A colour wheel explains bias in colour. There are 3 primary colours ~ red, blue and yellow. Everyone knows that! But the primary colours that we have in our paint tubes are not pure. They have a bias towards the secondary colours of green, orange and purple. This is why, at times we wonder whether a yellow is yellow or green, or why a blue can also look purplish. It is important to know the bias of your paints. You can make your painting sing by using the right colours, by thinking about 3 “rules”. When you don’t take bias into account you end up with an uninteresting mix as the colours compete, often neutralising each other.

I have create a very rough colour wheel, using coloured pencils but it will help illustrate the rules.

Colour wheel
Colour wheel

Rule 1: Family is always welcome. They are the other colours/hues around it. However, you need to bear in mind the bias of the colour. For example, is your blue a green blue or has it a bias to purple? If to the green, then the hues of your colour will be somewhere in the greeny blues. It is to those hues that you will look to mix your paint.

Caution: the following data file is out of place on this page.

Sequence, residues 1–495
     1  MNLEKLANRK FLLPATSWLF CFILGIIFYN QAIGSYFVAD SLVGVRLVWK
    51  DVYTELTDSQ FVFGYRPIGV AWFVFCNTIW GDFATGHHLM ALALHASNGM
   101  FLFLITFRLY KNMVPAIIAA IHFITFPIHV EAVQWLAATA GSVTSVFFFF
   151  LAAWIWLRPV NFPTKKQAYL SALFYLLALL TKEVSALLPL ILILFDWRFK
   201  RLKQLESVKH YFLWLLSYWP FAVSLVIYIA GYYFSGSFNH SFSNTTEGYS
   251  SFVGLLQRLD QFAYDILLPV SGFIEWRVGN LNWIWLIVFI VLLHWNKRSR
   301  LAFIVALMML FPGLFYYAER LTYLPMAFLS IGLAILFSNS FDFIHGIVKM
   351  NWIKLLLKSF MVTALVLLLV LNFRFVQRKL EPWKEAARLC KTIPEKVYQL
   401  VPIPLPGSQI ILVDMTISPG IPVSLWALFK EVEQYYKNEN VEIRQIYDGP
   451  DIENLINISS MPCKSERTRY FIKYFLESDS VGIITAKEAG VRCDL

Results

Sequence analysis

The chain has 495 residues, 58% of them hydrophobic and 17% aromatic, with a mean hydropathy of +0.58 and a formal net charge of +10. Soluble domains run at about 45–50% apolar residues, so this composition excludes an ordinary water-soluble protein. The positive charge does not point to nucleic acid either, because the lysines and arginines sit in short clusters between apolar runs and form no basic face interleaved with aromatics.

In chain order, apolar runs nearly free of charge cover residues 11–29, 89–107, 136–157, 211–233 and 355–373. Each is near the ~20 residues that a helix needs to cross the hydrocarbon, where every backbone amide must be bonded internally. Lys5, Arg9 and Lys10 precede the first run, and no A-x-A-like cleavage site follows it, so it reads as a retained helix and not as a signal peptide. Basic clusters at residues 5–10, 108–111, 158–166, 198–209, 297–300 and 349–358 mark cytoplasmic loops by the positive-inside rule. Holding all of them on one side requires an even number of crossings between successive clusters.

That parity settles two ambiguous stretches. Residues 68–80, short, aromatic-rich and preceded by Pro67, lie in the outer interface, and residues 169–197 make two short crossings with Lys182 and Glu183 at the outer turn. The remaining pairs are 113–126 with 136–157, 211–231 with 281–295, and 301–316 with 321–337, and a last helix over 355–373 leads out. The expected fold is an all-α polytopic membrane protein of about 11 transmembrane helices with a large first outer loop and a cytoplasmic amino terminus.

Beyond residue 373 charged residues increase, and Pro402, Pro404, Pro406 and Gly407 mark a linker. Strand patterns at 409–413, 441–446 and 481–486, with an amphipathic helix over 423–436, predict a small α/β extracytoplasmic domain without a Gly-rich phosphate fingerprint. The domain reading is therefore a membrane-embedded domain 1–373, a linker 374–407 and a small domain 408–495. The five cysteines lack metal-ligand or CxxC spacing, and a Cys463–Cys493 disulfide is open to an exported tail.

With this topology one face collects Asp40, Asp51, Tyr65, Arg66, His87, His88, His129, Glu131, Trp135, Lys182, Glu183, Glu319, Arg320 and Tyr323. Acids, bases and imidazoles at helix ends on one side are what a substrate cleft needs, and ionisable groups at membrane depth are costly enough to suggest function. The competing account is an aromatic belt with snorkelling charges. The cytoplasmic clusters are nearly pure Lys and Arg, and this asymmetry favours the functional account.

Rule 2: Next door neighbours are friends So a colour only a little away from the one you want will work harmoniously. Blue/green. Yellow/orange etc.

Rule 3: Opposites attract. These are the colours opposite each other on the colour wheel. Purple/yellow. Blue/orange. Green/red. They are the ones that can add zing and depth to your work. Think about a blue room with accents of terracotta (orange). Interestingly (well, to me, anyway!) to make a colour darker you add its complimentary colour. Want a darker green? Add red.

So, Helen took us through colour bias and wheels and hues. I came away with a much stronger understanding. Yay! Then to our roses. Maybe not so Yay!